U.N. Secretary-General Antonio Guterres and Russian President Vladimir Putin met one-on-one Tuesday for the first time since Russia invaded Ukraine, and the United Nations said they agreed on arranging evacuations from a besieged steel plant in the battered city of Mariupol.
U.N. spokesman Stephane Dujarric said the Russian leader and U.N. chief discussed “proposals for humanitarian assistance and evacuation of civilians from conflict zones, namely in relation to the situation in Mariupol.”
They also agreed in principle, he said, that the United Nations and the International Committee of the Red Cross should be involved in the evacuation of civilians from the Azovstal steel complex where Ukrainian defenders in the southeastern city are making a dogged stand.
Discussions will be held with the U.N. humanitarian office and the Russian Defense Ministry on the evacuation, Dujarric said.
During the meeting, which the U.N. said lasted nearly two hours, Putin and Guterres sat at opposite ends of a long white table in a room with gold curtains bordered in red. No one else was at the table.
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Guterres criticized Russia’s military action in Ukraine as a flagrant violation of its neighbor’s territorial integrity and urged Russia to allow the evacuation of civilians trapped at the steel mill.
Putin responded by claiming that Russian troops have offered humanitarian corridors to civilians holed up at the plant. But, he said, the Ukrainian defenders of the plant were using civilians as shields and not allowing them to leave.
The sprawling Azovstal site has been almost completely destroyed by Russian attacks, but it is the last pocket of organized Ukrainian resistance in Mariupol. An estimated 2,000 soldiers and 1,000 civilians are said to be holed up in fortified positions underneath the wrecked structures.
In an interview with The Associated Press on Monday ahead of Guterres’ visit, Ukrainian Foreign Minister Dmytro Kuleba noted the failure of other foreign officials who visited Moscow to achieve results, and he urged the U.N. chief to press Russia for an evacuation of Mariupol. “This is really something that the U.N. is capable to do,” Kuleba said.
Guterres flew to Rzeszow, Poland, from Moscow late Tuesday and was met by Polish President Andrzej Duda. He is to go to Kyiv for meetings Thursday with Ukrainian President Volodymyr Zelenskyy and Kuleba, and his meeting with Putin is expected to top the agenda.
Many analysts have low expectations for Guterres’ diplomatic foray into the Ukraine war. But U.N. deputy spokesman Farhan Haq was unusually optimistic Monday ahead of the Moscow meetings, telling reporters Guterres “thinks there is an opportunity now” and “will make the most” of his time on the ground talking to the leaders and see what can be achieved.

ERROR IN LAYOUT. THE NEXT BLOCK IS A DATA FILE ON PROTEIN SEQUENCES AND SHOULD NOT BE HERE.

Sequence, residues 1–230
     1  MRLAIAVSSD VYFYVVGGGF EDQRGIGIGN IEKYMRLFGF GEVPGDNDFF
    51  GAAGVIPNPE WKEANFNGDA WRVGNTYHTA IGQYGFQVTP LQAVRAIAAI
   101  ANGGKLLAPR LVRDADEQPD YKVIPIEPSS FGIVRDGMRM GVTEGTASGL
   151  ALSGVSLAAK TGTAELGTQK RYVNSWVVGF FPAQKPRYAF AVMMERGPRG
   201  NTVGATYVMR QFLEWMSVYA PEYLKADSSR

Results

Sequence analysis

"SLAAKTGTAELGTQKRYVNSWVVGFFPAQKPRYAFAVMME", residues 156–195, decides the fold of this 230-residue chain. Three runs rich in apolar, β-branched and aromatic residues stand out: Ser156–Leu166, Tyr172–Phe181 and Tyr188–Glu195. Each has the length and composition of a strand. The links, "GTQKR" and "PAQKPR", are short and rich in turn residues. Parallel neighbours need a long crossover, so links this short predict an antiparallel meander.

Since Russia invaded Ukraine on Feb. 24, Guterres has accused the Russians of violating the U.N. Charter, which calls for peaceful settlement of disputes.
He also has repeatedly called for a cessation of hostilities, most recently appealing unsuccessfully last Tuesday for a four-day “humanitarian pause” leading up to the Orthodox Easter holiday on Sunday.
The U.N. crisis coordinator in Ukraine, Amin Awad, followed up Sunday by calling for an immediate halt to fighting in Mariupol to allow an estimated 100,000 trapped civilians to evacuate.
Guterres said at a news conference after meeting with Russian Foreign Minister Sergey Lavrov earlier Tuesday that safe and effective humanitarian corridors are urgently needed to evacuate civilians and deliver aid.
To deal with “the crisis within a crisis in Mariupol,” he proposed coordination between the U.N., Red Cross and Ukrainian and Russian forces to enable the evacuation of civilians who want to leave “both inside and outside the Azovstal plant and in the city, in any direction they choose, and to deliver the humanitarian aid required.”
The U.N. chief also proposed establishing a Humanitarian Contact Group comprising Russia, Ukraine and the United Nations “to look for opportunities for the opening of safe corridors, with local cessations of hostilities, and to guarantee that they are actually effective.”
Dujarric made no mention of a broader evacuation of civilians from Mariupol or Guterres’ Humanitarian Contact Group, but getting civilians out of the steel plant would be an important step.
On Saturday, a Ukrainian military unit released a video reportedly taken two days earlier in which women and children holed up underground in the plant, some for as long as two months, said they longed to see the sun.
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